After securing a date, the first task for the host or hostess should be to assess culinary prowess around the kitchen, said Jennifer Hand, manager and director of catering at Peoria Height’s French Toast.

“Get a realistic expectation of your cooking skills,” Hand said. “You may need a caterer if you’re inundated with other responsibilities or don’t have the skill set.”

Many caterers, like Hand, make house calls, so booking a restaurant may not be necessary if you don’t plan on cooking. But dining in an elegant and relaxed atmosphere like French Toast’s mix of French Victorian and chic furnishings may be preferred. Taking advantage of French Toast’s VIP room or even reserving the adjoining Wine Country for a celebration is an option. Most restaurants have private or semi-private rooms where around six to eight guests can tuck away from the dinner crowd.

When it comes to a home-cooked menu, Hand stresses sticking to “good old-fashioned staples” or family recipes that are familiar. If venturing into foreign territory is on the table, try out the recipe several times before the big day. She also advises stocking up on double the amount of staple ingredients and meal ingredients and planning a back-up recipe in preparation for a last-minute disaster.

“Be aware of guests’ preferences and have two lists, a grocery list and a work or to-do list,” Hand said. “My secret is having the house clean two days ahead (of the party) so it’s not bogging me down.”

Bringing your age-appropriate children to help in the kitchen isn’t a bad idea either, Hand said. Kids can be willing and excellent servers and may be able to help cook with a little coaching. But if the food requires more hands-on preparation and is more fitting for an adult palate, there’s nothing wrong with getting a babysitter for the evening, Hand said.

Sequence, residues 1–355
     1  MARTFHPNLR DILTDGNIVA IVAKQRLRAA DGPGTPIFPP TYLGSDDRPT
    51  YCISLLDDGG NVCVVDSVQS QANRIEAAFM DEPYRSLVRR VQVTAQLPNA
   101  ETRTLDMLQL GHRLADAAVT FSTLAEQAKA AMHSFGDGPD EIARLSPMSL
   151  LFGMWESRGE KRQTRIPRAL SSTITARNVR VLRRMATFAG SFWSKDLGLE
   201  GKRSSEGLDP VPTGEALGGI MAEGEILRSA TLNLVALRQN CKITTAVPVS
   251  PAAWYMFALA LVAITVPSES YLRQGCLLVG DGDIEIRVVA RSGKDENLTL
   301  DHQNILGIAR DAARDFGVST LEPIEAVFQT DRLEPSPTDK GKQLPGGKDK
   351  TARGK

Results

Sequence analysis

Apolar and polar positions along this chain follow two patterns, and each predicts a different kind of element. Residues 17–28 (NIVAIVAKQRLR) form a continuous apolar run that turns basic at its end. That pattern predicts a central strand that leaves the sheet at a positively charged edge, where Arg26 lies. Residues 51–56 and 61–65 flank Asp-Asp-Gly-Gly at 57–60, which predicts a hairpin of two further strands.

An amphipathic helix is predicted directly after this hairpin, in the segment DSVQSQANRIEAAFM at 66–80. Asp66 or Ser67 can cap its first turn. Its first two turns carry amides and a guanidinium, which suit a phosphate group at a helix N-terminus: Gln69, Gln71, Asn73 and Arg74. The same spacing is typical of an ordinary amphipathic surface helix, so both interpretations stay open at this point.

When it comes to themes, Hand offers various choices to her customers and takes requests. For a more upscale and formal dinner, she can map out a menu of lamb lollipops, seared on a frenched bone, as well as caviar, tuna tartar, baked brie en croute and cheese pate. Bartenders and servers can also accompany her at a client’s request. If a more relaxed atmosphere is desired, vegetable trays, meatballs and silver dollar sandwiches could be served up. When working from a client’s home, Hand always assesses the kitchen prior to the event to determine what equipment she’ll need to bring. Usually food is prepped at the restaurant and then final preparations occur in-house.

“I take pride in the art of cooking, it’s a very intimate thing,” Hand said. “(Food is) going inside (our) bodies and we hold a lot of integrity with that. We never compromise on quality or customer service.”

To make the event more memorable, she also recommends rearranging the dining area and using low-intensity lighting to create ambiance.

“Pull the dining table into a different room to give it the element of surprise,” Hand said. “It’s an added something to make it special.”

But even just adding a vase of fresh flowers can be enough to change a room, she added.

With fondue experiencing a resurgence of popularity not seen since the ‘70s, it can be the perfect after-dinner treat or even a quick and easy hors d’oeuvre. At French Toast, both chocolate and cheese fondue are served.

For a more romantic dinner just for two, fondue creates an intimate setting and even keeps nervous hands busy. “It’s almost like a sport,” Hand said with a laugh. “And it can be fun. The game goes, if a woman drops her bread into the fondue, she has to kiss her date, if a man drops his bread he has to buy the next drink.”

When having fondue with friends, the game extends to the person who drops a cube of bread for the second time has to host the next fondue party.

Witnessing numerous engagements at the restaurant, Hand said customers can make special requests ahead of time like heartshaped candles or even having staff bring out a ring hidden inside a special dish. Since all the proposals at French Toast so far have resulted in a yes, many couples also return to the restaurant to celebrate anniversaries.

“We’re part of that history they’re making. We’re part of that memory,” Hand said with a smile. a&s